• Federal, state and local agencies have rolled out certain working capital and small business loans, in addition to others that will likely become available in the near future.  We will cover these in greater detail in another post, but the guiding principal should be to think carefully about how you will use the money.  The goal is to minimize your restart costs and increasing your debt during a shutdown will work against that.  Instead, it might make sense to wait until you are ready to reopen before accessing new credit.

8. Don’t Raid Your Payroll and Other Trust Fund Accounts

  • This is illegal and the owner is personally responsible for the money.

9. What About Taxes?

  • If you are going to close down now, ensure that you have reserved sufficient funds to pay your upcoming taxes.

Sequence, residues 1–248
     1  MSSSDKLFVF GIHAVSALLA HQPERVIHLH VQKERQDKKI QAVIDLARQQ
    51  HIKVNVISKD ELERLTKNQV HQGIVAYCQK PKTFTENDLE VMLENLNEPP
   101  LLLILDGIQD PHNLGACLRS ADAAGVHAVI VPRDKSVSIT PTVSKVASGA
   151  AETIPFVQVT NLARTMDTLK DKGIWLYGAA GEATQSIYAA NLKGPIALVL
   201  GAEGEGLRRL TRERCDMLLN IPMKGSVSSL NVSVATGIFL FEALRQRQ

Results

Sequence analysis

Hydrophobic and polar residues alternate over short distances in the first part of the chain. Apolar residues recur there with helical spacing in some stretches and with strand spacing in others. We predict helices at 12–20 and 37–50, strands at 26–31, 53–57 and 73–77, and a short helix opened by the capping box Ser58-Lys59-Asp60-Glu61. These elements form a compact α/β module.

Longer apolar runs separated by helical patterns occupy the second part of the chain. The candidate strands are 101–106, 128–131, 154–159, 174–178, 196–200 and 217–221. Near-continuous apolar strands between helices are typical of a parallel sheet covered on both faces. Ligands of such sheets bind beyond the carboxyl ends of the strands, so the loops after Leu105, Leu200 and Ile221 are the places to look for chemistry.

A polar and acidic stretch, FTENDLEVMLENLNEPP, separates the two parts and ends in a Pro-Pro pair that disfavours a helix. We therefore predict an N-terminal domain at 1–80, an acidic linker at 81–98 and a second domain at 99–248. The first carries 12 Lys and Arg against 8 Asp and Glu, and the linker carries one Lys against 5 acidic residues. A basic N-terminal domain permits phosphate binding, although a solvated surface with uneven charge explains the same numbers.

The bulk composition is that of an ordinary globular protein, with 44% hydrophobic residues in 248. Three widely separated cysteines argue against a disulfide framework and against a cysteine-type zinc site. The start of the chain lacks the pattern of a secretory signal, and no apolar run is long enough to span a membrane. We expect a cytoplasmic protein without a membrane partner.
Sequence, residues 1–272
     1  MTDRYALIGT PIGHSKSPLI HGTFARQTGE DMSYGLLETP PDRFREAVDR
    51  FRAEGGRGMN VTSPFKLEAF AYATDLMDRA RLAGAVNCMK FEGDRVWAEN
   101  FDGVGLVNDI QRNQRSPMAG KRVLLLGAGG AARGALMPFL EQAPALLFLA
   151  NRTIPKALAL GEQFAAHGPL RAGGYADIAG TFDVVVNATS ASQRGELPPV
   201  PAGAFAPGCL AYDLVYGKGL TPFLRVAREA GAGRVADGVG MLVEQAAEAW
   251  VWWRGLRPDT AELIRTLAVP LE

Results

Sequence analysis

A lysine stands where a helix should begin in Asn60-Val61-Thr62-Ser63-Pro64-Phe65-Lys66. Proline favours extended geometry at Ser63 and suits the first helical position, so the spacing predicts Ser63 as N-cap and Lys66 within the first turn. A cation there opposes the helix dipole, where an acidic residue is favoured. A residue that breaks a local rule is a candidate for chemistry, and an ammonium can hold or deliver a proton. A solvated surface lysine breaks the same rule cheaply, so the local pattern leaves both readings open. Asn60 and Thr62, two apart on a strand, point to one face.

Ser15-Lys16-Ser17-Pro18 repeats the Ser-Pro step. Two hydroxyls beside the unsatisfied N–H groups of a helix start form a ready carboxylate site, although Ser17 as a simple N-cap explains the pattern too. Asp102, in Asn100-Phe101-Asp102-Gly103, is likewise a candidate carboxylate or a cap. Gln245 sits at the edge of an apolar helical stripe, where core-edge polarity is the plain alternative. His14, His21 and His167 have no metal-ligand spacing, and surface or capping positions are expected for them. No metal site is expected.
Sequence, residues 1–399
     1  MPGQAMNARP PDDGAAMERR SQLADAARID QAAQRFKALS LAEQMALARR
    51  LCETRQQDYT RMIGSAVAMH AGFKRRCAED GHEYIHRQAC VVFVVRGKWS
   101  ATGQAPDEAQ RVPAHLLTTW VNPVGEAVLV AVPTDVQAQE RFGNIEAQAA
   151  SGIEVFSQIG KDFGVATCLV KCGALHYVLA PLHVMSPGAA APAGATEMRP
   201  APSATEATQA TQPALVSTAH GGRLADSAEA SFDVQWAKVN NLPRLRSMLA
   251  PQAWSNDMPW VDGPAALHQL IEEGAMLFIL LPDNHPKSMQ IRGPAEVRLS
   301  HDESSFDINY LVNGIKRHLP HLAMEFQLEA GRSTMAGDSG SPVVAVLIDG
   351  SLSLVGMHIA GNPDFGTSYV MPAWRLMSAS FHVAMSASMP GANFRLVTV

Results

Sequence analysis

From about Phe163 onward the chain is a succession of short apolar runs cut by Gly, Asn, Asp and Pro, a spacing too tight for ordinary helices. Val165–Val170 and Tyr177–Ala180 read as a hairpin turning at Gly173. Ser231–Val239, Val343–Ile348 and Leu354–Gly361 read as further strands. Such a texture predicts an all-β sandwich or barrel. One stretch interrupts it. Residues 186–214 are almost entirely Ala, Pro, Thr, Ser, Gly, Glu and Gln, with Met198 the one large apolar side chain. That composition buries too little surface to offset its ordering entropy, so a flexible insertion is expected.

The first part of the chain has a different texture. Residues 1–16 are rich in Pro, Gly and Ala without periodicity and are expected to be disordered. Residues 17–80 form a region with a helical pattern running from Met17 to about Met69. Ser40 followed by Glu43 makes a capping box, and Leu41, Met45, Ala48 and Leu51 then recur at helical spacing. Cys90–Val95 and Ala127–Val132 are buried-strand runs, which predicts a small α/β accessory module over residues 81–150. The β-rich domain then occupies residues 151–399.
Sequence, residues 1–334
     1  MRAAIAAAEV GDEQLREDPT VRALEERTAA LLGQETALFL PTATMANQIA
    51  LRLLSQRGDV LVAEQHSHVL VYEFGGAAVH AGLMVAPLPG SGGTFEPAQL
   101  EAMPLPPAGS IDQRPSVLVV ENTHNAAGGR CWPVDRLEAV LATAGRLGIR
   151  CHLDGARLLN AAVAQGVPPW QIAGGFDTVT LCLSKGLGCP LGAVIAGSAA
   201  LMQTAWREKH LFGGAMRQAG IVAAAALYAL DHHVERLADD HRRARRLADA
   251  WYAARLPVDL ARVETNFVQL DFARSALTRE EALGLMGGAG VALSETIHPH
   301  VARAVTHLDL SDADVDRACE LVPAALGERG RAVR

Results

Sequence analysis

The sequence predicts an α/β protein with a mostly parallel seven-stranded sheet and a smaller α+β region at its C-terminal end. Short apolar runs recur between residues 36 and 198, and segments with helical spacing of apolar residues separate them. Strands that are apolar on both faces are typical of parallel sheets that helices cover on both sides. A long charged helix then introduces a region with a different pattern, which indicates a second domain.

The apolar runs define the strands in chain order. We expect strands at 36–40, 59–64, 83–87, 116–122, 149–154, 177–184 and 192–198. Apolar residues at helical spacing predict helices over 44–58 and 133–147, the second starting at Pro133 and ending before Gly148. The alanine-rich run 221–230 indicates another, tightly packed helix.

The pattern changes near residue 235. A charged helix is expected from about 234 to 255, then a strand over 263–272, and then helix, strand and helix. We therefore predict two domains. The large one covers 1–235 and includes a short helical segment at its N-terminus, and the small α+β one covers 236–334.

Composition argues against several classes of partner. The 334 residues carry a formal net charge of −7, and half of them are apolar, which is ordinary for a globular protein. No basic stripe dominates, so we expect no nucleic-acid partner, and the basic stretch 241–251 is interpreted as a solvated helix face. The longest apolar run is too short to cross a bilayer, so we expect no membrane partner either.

• Corporate taxpayers can defer up to $10 million of federal income tax payments due on April 15, 2020 until July 15, 2020, also without penalty or interest. You must still file tax returns or seek extensions by April 15, however.
  • The Commonwealth of Massachusetts has postponed the collection of regular sales, meals, and room occupancy taxes that would be due in March, April and May so that they will instead be due on June 20. All penalties and interest that would otherwise apply will be waived.

10. Can Vendors Take Back Goods?

  • Under certain circumstances, a seller can reclaim and take back goods delivered to an insolvent buyer provided a demand for reclamation is made within ten days of the buyer’s receipt of the goods.